The Federal Reserve has raised short-term interest rates five times since late 2015 to the current range of 1.25% to 1.5%, and officials at the central bank anticipate another three increases this year.

That's just a sign that financial conditions are finally starting to normalize a full decade after the 2008 crisis, said Dave Hendler, principal at Viola Risk Advisors, a bank-analysis firm in Montebello, New York. For years, the Fed held rates close to zero to stimulate the economy.

"The morphine drip of central bank stimulus is being taken away, so the market's got to adjust," Hendler said in a phone interview. "But it's healthy for the economy. There's going to be consumer loan growth, credit cards, more mortgage activity, and auto lending is still going to be there."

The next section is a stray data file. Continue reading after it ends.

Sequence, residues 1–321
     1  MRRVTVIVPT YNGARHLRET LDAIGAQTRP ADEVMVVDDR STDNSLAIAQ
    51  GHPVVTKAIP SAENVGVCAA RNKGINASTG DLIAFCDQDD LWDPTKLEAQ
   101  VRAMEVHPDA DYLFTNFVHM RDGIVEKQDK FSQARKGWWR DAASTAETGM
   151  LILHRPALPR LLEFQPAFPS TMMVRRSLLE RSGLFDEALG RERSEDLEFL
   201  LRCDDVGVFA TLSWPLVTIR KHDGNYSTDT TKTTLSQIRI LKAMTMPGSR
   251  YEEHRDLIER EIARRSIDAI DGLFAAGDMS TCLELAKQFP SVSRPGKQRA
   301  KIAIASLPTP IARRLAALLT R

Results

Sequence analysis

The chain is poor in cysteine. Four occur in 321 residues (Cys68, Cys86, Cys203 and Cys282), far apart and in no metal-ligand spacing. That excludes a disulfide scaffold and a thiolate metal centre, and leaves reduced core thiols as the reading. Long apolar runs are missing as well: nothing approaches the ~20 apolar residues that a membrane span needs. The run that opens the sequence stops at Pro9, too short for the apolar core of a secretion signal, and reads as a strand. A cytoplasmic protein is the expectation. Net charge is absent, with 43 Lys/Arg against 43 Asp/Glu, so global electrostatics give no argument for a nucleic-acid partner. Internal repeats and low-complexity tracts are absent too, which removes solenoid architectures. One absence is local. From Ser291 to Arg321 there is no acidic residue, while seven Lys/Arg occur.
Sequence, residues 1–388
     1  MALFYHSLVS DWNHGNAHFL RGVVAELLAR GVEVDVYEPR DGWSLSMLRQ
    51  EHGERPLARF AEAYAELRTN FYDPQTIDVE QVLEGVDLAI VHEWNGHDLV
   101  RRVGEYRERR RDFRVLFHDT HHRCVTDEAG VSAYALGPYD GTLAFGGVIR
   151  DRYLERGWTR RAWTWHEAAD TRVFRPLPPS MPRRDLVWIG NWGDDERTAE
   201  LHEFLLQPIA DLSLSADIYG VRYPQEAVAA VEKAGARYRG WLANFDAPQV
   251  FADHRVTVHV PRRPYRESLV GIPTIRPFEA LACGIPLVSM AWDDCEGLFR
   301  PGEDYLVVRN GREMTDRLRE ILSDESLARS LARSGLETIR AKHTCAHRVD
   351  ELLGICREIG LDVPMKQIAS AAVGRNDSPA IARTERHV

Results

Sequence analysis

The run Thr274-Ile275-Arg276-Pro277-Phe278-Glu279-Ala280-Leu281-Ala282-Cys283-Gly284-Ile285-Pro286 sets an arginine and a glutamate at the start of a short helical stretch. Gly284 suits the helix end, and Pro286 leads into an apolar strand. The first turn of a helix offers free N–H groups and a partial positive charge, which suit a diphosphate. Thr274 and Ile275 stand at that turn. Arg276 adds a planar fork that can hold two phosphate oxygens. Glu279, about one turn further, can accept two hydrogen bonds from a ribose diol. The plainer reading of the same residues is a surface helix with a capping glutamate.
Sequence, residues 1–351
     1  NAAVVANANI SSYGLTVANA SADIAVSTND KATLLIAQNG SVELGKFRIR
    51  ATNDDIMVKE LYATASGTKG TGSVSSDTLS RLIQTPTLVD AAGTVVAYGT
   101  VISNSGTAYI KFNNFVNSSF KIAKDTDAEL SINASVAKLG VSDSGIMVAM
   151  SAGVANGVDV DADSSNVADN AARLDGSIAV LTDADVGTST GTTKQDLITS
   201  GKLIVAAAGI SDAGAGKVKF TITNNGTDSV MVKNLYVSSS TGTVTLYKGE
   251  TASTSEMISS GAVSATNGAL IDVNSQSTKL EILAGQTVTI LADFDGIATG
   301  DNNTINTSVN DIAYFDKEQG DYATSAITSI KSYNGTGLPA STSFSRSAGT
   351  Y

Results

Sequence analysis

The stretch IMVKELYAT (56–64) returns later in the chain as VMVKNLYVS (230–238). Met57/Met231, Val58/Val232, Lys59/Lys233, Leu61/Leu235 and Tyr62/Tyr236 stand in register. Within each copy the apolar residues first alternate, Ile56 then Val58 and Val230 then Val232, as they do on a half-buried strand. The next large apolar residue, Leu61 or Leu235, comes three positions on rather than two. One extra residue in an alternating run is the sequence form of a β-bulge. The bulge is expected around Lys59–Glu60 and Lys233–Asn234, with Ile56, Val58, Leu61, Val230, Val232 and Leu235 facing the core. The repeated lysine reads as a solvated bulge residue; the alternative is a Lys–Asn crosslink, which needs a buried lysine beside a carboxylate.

Sandler O'Neill's Albertson says economic growth, unadjusted for inflation, is currently tracking above 4%, which could imply six future Fed interest-rate hikes of 0.25 percentage point each. But the economy is picking up slowly and steadily enough that most industries are likely to see revenue and earnings growth. And the Fed is unlikely to raise rates so much that a new recession develops, according to Albertson.

"It is no surprise that markets would over-react as they reverse their future bias on rates for the first time in a decade," Albertson wrote in the report. "But it does not follow that the degree of rising rates should be exceptional."